FedEx & UPS guide: How companies got hit by the supply chain crisis

A tale of four companies from different industry verticals told the story of how companies from different verticals get affected by the supply chain crisis.

Five employers with 14,494 employees in the Washington region were caught unprepared as cost-cutting deals with goods by vendors disrupted the labor supply. Here is a guide to those companies and how they fared.

FedEx remains intact — by moving on pricing strategy | Best way to cope with the supply chain crisis | Value of predictability versus flexibility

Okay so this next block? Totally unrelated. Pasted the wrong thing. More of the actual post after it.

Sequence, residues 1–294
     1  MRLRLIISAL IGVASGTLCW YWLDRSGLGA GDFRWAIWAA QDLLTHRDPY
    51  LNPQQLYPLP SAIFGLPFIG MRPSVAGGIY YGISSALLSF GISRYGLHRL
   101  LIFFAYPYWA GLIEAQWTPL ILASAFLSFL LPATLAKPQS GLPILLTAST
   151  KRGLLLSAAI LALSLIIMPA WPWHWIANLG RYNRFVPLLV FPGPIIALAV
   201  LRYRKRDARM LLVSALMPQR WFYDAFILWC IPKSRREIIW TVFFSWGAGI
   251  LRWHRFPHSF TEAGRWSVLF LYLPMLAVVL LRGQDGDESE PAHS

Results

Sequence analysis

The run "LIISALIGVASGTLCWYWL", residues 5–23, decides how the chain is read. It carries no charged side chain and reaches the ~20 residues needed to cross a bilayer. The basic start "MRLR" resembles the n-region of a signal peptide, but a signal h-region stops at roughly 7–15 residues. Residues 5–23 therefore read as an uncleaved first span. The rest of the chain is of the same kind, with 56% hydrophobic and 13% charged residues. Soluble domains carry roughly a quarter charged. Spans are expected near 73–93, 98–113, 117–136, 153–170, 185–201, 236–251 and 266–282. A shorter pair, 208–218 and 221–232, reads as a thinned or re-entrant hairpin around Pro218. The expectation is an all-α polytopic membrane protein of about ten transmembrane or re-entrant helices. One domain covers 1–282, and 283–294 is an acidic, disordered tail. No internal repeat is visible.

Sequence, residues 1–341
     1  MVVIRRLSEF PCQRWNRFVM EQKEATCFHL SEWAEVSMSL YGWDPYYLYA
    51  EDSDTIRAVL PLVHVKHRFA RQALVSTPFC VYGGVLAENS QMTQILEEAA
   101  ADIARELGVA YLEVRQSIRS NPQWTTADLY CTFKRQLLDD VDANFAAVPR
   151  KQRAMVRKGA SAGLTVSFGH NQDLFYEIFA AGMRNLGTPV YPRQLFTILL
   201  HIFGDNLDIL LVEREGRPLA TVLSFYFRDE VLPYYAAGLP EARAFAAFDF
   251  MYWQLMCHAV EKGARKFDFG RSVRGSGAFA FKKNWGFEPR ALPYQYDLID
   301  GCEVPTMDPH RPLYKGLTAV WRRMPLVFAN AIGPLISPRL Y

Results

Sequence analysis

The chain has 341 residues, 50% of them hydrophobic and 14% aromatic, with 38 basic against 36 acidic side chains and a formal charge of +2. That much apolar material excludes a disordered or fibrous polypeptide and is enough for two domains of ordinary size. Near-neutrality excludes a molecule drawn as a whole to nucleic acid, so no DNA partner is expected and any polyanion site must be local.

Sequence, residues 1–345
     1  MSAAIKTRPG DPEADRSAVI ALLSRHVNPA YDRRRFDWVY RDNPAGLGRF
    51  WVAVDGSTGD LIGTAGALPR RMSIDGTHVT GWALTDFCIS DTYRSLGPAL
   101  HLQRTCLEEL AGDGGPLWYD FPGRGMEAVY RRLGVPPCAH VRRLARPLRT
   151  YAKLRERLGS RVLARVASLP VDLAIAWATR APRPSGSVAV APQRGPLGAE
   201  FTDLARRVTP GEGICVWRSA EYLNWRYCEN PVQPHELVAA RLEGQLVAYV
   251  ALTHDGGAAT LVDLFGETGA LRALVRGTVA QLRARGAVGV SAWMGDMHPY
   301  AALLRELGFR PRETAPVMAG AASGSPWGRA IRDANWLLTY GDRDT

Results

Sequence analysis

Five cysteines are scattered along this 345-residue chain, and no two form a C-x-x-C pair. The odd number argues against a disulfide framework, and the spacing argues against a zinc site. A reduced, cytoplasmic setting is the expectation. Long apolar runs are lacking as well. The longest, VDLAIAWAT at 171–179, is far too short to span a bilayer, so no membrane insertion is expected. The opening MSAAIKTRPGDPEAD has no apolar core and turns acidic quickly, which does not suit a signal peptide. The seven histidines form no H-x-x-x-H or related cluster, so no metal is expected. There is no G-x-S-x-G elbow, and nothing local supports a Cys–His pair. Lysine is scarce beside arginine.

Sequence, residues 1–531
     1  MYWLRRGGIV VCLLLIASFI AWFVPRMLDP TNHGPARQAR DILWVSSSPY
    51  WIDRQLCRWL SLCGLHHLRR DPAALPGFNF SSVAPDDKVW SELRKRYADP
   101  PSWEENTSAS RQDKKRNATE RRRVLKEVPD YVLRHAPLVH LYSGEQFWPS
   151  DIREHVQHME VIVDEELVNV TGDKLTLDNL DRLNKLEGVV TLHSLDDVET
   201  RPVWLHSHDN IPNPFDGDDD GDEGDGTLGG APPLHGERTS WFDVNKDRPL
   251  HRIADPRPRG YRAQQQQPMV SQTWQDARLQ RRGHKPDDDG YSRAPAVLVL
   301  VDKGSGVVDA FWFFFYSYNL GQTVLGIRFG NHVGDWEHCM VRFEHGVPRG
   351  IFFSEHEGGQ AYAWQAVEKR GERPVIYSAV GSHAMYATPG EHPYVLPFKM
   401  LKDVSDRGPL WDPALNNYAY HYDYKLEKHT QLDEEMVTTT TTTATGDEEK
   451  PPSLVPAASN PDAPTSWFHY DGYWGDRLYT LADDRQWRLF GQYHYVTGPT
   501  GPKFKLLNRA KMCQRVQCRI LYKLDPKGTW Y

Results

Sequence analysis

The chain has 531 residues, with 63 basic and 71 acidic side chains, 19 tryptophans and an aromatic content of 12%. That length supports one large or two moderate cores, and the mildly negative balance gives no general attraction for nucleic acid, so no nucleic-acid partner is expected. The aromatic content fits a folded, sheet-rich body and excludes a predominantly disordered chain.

New supply chain routes and drop points are expensive.

FedEx’s approach differs from that of UPS, which imposed new rates in November last year to control excess capacity. The package delivery company deployed more temporary employees to load and unload packages at facility gateways to create capacity and earn a shipping rate premium for volume

The move resulted in a year-over-year drop in the number of packages collected at FedEx’s delivery hubs as temporary staff reduced the capacity of FedEx Freight.

FedEx has increased prices in October last year, anticipating that tariffs would raise shipping costs. The quarter would mark the third consecutive year of higher shipping rates, and FedEx expects to pass on more increases than its rivals in the years ahead. In response, FedEx deployed employees to react more quickly to the change.

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